Wednesday, April 12, 2006

 

I'd rather Jack than Fleetwood Mac

Here's an interesting little fact.

So, the Union Jack flag is 400 years old, and what does it mean to me?

I'm not sure really. I'm proud of my Britishness but not to the point of fanaticism.

When I first went to the USA and Canada it was quite surprising to see how many people had their national flags planted proudly in their front gardens or on top of their houses. It shows your pride for your nation, your place of birth and your heritage and everything that it stands for.

You simply don't get that here because the Union Jack flag has become an icon for fascism and race hate. The term "There Ain't No Black In The Union Jack" just completely undermines any ounce of pride I have in my Britishness and we all end up having to hide any outward show of pride in case we are assumed to be racists.

St.George's Day is also just around the corner and throws up similar issues over being English. With the World Cup football just a couple of months away there will doubtless be a glut of St.George cross flags flying from motor cars and houses as our boys try to win the cup. Football aside though, I think you're probably more likely to get your head kicked in if you fly that flag in Scotland or Ireland, yet we don't have any problem flying the Scottish and Irish flags proudly on their respective Saints days. And if there are any Welsh people reading, we don't care about you in the slightest! (calm down, I'm just kidding!)

I'm guessing England, and Britain as well, has become a victim of its own "success" (I use that term loosly) having once stomped across the world to create a vast empire which has led to us being reviled rather than revered by those countries that became a part of it. It didn't work for the Romans, so why should it be any different for us?

Maybe there is a lesson to be learned here as we turn our gaze from Iraq to Iran, and contemplate whether to extend the American/British reach into yet another oil rich country.

If we're still picking at the scabs of old wounds, is it really a good idea to create new ones?

Comments:
That's sad.
 
Can't we all just get along? *wink wink*
 
Not much 'great' about Britain anymore except our taxes, and that's not in the 'great' I love chocolate sense, more the 'great' I trod in dog crap sense.
 
MyUtopia - It's my personal take on it...there are doubtless some Brits who take a different view.

OGO - We get along don't we? I just think it's silly how something like a flag can symbolise such hatred...I suppose it might as well be a swastika!

Serai - I love chocolate...I might have to hold that thought to get rid of the negativity in my post!
 
good post. its something which i find very sad. i'm cornish and english i'm proud of both, yet its apparently cool to be cornish and show the flag but not the union jack or the george cross.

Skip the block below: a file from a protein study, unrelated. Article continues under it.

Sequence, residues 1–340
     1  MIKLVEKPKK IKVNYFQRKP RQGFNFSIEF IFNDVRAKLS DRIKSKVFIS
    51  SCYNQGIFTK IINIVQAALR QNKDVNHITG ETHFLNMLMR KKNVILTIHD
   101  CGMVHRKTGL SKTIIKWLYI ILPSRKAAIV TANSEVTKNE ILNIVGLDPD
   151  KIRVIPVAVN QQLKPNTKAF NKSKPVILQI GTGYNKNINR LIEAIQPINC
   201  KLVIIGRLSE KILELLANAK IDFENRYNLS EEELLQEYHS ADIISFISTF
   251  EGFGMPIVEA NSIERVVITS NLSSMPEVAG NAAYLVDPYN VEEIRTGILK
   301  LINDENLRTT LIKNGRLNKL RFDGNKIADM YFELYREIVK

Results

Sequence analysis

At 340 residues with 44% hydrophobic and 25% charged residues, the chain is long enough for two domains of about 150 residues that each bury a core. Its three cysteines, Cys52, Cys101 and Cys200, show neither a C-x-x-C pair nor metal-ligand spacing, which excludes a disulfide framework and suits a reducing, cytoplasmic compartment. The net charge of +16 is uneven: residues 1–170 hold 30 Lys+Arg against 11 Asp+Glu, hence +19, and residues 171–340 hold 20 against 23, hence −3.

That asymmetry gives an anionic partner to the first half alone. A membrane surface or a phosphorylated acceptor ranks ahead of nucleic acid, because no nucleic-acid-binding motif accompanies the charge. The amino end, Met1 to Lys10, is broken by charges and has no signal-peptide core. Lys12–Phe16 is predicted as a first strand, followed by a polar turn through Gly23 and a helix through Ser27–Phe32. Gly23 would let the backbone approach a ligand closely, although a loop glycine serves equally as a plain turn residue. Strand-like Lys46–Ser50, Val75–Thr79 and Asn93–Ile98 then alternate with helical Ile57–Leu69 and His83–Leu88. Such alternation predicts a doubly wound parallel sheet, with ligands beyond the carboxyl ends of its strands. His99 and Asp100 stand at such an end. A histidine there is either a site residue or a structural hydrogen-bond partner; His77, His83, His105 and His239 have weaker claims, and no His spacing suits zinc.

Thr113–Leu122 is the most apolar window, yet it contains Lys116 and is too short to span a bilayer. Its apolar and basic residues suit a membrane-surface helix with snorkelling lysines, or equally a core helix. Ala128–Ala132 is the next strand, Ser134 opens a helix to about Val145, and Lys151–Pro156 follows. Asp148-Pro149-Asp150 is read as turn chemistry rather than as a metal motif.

having lived abroad for many years i have a lot more pride in being 'british'. not because i think we are 'better' in anyway but because i see others with dubious pasts being proud of their countries NOW and i think despite the fuckwittage our governments are engaged in we as english or whatever should unite and be proud of our flag our selves and our rich heritage.

i fly whatever i like. and i am proud of my roots. we should all be, even if they are rotten, as long as we strive to learn and improve.
 
It really irritates me all this flag waving, especially round football tournaments. I find that having lived abroad, we're not all that, other countries do things (such as the health service) *much* better than we do.

OGO and Gabby are making much of the fact they are "getting along" - is there anything going on worth gossipmongering about here??!!
 
Keda - I've noticed a lot of Scottish and Irish people complaining about the Union Jack and its symbolism. When you think that we come under the name the UNITED Kingdom of Great Britain and Northern Ireland, you wonder whether people should focus more on being United than anything else. Sure, they canbe proud to be Scottish, so would I be, as do many Americans, Canadians etc, but these people are also equally proud to be American and Canadian, so why can't Scots/Irish folk be also proud to be British?

Ann - I agree about "we're not all that". I think the flag waving at football tournaments just about sums it up for me. I don't mind being a flag waver but I don't want to be lumped with the footie crowd so I don't bother.

Re OGO - Shh, don't tell CaCaBoy!
 
I've never seen the Union Jack as a symbol of fascism. Maybe it has something to do with my musical preferences, but seeing it makes me want to listen to The Who.
 
Mark - It's a whole different perspective. Mind you if my memory serves The Who had a bit of a following from the sort of types I am referring to. I'm happy to stand corrected and I'm sure The Who wouldn't want to be remotely associated with that sort of fascist movement, but there's this little nagging voice in my head telling me there is a connection.
 
It's been so long since I have been at the center of a rumor. I'm not sure what to do. Do I deny, deny, deny? Or do I keep silent. Which would work best?
 
OGO - Deny everything! ;-)
 
What?! I'm gone two weeks, TWO WEEKS! And this? THIS?! Gabby you've got some explaining to do!
 
CaCaBoy - Uuum, Urrrr....ahem *DENY EVERYTHING GABBY. DENY EVERYTHING!*
 
This comment has been removed by a blog administrator.
 
Oooh I think the lady and gentleman doth protest too much...!
 
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